The Institute of Economic Affairs (IEA) has called on the Monetary Policy Committee of the Bank of Ghana to impose a ceiling of 5 percentage points on the spread of lending rates on banks.
This follows the recent call by President Nana Akufo-Addo on the Bank of Ghana to address the problem of high lending rates in the country as a matter of urgency, given its negative effect on economic growth.
According to IEA, such a move is key in addressing the long-standing issue of high lending rates in the country.
The cost of credit in Ghana has been persistently high. It has even been placed high in the World Competitive Index Reports.
Also, surveys by the Ghana Association of Industries show that the high lending rate is among obstacles to doing business in Ghana, making it a major impediment to investment and economic growth.
The Institute of Economic Affairs believes the high lending rate is a result of competitive government borrowing, structural inefficiencies in the banking industry that lead to high operational costs and high lending risks and associated loan defaults.
IEA said there is the need to restrain government borrowing by entrenching fiscal discipline as well as an improvement of inefficiency in the financial sector through improved management practices.
Speaking during a policy forum organized by the IEA, the Director of Research, Dr John K. Kwakye said one key measure that should be considered is a regulation of the lending Policy Rate spread to compel banks to follow the Policy Rate more closely.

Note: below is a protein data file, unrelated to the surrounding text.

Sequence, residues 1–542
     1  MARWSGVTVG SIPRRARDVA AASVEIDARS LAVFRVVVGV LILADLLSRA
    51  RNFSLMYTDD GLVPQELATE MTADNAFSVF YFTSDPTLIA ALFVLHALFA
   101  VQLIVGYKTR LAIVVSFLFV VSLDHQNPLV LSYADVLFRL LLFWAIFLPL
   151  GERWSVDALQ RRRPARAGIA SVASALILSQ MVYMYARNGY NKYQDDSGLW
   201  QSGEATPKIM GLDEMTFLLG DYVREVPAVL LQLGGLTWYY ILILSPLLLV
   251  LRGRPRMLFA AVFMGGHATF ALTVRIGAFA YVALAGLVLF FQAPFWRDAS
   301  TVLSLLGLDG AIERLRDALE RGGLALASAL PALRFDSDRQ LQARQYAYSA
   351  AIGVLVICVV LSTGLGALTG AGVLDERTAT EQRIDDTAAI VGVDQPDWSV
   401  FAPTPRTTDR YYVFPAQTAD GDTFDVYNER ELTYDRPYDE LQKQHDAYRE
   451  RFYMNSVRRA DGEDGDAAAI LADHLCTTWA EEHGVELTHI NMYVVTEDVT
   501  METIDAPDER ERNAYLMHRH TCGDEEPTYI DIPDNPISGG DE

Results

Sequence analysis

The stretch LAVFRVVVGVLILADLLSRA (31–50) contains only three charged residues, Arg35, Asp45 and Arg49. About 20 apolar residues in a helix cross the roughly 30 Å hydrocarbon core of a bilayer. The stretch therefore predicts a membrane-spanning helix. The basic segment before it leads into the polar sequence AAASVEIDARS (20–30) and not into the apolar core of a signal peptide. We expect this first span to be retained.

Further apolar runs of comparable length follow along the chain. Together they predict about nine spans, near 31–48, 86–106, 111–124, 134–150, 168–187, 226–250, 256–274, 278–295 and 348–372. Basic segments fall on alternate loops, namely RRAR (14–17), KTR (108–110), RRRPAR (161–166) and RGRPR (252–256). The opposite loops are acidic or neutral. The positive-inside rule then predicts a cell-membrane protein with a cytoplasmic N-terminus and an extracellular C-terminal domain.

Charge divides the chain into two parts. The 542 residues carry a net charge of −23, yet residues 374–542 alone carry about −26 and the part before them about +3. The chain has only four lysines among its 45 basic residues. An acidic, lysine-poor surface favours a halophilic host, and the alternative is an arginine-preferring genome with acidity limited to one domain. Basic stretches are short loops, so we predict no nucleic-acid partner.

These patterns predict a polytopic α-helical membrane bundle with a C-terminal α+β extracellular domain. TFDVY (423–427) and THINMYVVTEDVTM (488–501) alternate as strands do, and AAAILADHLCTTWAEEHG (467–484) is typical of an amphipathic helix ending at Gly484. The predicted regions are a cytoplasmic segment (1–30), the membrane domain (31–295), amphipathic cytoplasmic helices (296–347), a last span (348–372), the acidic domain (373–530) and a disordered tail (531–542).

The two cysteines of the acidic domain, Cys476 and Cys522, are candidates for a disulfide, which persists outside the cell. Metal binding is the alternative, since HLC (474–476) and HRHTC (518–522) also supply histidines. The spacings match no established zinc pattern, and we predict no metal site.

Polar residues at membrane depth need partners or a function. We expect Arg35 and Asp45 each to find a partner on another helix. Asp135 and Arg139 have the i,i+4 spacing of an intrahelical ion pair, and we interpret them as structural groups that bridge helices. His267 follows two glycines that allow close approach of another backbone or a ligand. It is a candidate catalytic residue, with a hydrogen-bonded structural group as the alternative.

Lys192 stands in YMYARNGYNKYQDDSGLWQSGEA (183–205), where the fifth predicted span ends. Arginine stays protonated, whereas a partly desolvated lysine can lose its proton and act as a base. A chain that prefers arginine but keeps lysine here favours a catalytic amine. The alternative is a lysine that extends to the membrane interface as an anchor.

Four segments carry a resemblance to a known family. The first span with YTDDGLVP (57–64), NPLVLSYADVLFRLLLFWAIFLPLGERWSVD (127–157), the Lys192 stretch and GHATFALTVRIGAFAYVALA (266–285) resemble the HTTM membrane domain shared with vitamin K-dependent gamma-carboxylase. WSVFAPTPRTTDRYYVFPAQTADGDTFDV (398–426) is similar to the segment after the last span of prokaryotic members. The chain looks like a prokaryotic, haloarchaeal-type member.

He however stressed that such a move should be temporary and be changed to suit the circumstances of the economy.
“I’m asking the monetary authority to impose a ceiling of five percentage points on the spread between lending rates and the policy rate so at the next monetary policy committee meeting if they decide that they are maintaining the rate, I want them to task all banks to bring their lending rates to 5 percentage points within that rate”.
In reaction to this proposal, Chief Executive Officer of the Ghana Association of Bankers, John Awuah said such a move would not augment well for the country’s economic development.
He suggested a continuous approach of policies should be used to lead to the gradual reduction of lending rates, as has been seen over the past five years.
“The talk has been that banks’ lending rates are high, and we think that is a bit misplaced because we are not taking the totality of all the factors that generate that lending rate into consideration. As it is when market rates have come done the lending rate follows and if you check the trends in the last five years, you will see clearly that the bank lending rates have reduced from a cost of 28% or 29%, now we are talking about 20%. A lot of banks are lending to customers at below 20%. So it is a matter that I think the banking association has not sold our story properly, and I think the general rhetoric has been lending rates have been at some levels that are unmanageable. We think that if market fundamentals continue moving in the downward direction, lending rate will automatically follow”.